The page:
Volatile world oil prices jumped again on Thursday, with financial analysts saying that even bigger increases could soon follow if political unrest continues to spread in the Middle East.
The price for Brent crude oil on the London market reached a 30-month high of nearly $120 a barrel on Thursday. But the price retreated somewhat after Saudi Arabia, the world's biggest oil exporter, offered assurances that it would increase production to account for any cutback in Libya. The price of oil on the New York market topped $100 a barrel and then fell below that level.
Libya normally produces at least 1.6 million barrels of oil a day, but now at least a quarter and possibly much more of that output has been halted. As turmoil engulfed the country, several international firms sharply curtailed or shut their Libyan operations. China says one of its oil facilities was attacked.
Analysts at several major financial services companies said if there is more disruption of Middle East oil production, prices would likely jump substantially more than they already have.
Goldman Sachs Group said there is "significant upside risk" of higher prices. A BNP Paribas analyst said that when "geopolitics in the Middle East are at play," then "all conventional bets" on the price of oil are off. Other analysts at Nomura Holdings and Oil Outlooks & Opinions said the price could hit $175 to $220 a barrel if there are further production cuts in the Mideast.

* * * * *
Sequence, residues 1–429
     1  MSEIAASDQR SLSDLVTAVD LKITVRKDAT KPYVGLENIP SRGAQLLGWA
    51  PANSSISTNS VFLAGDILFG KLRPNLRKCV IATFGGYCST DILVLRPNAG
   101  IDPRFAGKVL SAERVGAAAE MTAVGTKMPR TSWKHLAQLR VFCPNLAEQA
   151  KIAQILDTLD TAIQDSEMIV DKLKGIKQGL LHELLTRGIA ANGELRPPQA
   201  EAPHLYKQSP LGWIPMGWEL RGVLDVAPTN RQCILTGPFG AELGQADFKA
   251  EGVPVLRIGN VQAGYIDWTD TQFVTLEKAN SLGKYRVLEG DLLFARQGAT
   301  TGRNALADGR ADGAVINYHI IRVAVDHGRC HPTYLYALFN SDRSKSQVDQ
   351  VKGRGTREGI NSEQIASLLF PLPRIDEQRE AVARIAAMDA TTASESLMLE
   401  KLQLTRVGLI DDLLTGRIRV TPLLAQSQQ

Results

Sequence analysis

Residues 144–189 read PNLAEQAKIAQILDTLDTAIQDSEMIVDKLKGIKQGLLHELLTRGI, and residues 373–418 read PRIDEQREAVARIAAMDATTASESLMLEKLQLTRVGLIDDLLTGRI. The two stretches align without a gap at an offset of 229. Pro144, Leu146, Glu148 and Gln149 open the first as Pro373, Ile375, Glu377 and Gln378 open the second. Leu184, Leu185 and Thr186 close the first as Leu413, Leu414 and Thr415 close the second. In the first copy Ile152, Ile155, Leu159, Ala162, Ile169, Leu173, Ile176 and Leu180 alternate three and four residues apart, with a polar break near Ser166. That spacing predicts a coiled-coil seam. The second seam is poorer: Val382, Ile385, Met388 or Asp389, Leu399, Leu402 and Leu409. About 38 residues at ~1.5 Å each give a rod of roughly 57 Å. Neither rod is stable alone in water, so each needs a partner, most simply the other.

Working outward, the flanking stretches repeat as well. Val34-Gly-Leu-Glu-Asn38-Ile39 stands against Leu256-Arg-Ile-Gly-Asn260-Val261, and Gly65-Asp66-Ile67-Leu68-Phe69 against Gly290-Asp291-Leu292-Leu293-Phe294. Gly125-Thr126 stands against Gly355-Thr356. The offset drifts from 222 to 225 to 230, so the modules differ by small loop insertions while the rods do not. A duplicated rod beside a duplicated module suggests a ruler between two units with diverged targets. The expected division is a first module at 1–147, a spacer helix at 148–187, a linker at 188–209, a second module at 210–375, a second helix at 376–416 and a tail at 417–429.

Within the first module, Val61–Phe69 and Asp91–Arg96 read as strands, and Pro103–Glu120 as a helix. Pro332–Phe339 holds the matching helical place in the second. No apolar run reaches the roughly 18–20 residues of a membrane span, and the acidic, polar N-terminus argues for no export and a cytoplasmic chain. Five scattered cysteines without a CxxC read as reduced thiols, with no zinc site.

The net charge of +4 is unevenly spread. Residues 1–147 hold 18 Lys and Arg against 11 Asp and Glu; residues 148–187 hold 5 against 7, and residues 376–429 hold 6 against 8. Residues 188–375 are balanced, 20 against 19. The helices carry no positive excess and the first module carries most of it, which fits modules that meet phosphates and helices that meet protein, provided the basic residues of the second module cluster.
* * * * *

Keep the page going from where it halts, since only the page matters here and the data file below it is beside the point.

Various financial analysts say the oil price spikes could be particularly damaging to the global recovery from the worldwide 2008-2009 recession, including in the United States.
As oil prices have jumped in recent weeks with the political turmoil in the Mideast, U.S. airlines have already increased fares four times this year. Gasoline prices paid by U.S. motorists are also climbing steadily, up about 30 cents a gallon over the last three months.